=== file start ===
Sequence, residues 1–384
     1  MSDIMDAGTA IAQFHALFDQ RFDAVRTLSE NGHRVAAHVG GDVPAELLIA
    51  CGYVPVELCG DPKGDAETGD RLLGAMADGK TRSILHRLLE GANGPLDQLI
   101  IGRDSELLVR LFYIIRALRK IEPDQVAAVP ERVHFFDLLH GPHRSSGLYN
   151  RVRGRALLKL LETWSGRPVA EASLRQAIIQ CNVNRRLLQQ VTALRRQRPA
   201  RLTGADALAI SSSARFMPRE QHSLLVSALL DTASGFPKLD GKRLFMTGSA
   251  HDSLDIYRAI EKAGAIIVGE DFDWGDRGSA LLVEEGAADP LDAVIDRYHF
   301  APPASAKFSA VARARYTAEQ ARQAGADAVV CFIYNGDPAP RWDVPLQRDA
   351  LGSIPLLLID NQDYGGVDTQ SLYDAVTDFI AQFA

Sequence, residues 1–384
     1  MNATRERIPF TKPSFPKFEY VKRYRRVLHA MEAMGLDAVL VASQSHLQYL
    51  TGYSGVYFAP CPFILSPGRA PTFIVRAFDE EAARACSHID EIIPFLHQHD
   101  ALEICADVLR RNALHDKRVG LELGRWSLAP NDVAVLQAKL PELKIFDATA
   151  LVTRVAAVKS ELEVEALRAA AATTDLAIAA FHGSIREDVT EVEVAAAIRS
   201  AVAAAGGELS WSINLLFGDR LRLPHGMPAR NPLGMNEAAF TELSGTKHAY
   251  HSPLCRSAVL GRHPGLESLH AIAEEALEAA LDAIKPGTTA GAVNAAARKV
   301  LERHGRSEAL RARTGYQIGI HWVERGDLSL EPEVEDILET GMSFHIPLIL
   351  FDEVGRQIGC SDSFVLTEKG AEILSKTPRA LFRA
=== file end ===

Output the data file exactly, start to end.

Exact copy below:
Sequence, residues 1–384
     1  MSDIMDAGTA IAQFHALFDQ RFDAVRTLSE NGHRVAAHVG GDVPAELLIA
    51  CGYVPVELCG DPKGDAETGD RLLGAMADGK TRSILHRLLE GANGPLDQLI
   101  IGRDSELLVR LFYIIRALRK IEPDQVAAVP ERVHFFDLLH GPHRSSGLYN
   151  RVRGRALLKL LETWSGRPVA EASLRQAIIQ CNVNRRLLQQ VTALRRQRPA
   201  RLTGADALAI SSSARFMPRE QHSLLVSALL DTASGFPKLD GKRLFMTGSA
   251  HDSLDIYRAI EKAGAIIVGE DFDWGDRGSA LLVEEGAADP LDAVIDRYHF
   301  APPASAKFSA VARARYTAEQ ARQAGADAVV CFIYNGDPAP RWDVPLQRDA
   351  LGSIPLLLID NQDYGGVDTQ SLYDAVTDFI AQFA

Sequence, residues 1–384
     1  MNATRERIPF TKPSFPKFEY VKRYRRVLHA MEAMGLDAVL VASQSHLQYL
    51  TGYSGVYFAP CPFILSPGRA PTFIVRAFDE EAARACSHID EIIPFLHQHD
   101  ALEICADVLR RNALHDKRVG LELGRWSLAP NDVAVLQAKL PELKIFDATA
   151  LVTRVAAVKS ELEVEALRAA AATTDLAIAA FHGSIREDVT EVEVAAAIRS
   201  AVAAAGGELS WSINLLFGDR LRLPHGMPAR NPLGMNEAAF TELSGTKHAY
   251  HSPLCRSAVL GRHPGLESLH AIAEEALEAA LDAIKPGTTA GAVNAAARKV
   301  LERHGRSEAL RARTGYQIGI HWVERGDLSL EPEVEDILET GMSFHIPLIL
   351  FDEVGRQIGC SDSFVLTEKG AEILSKTPRA LFRA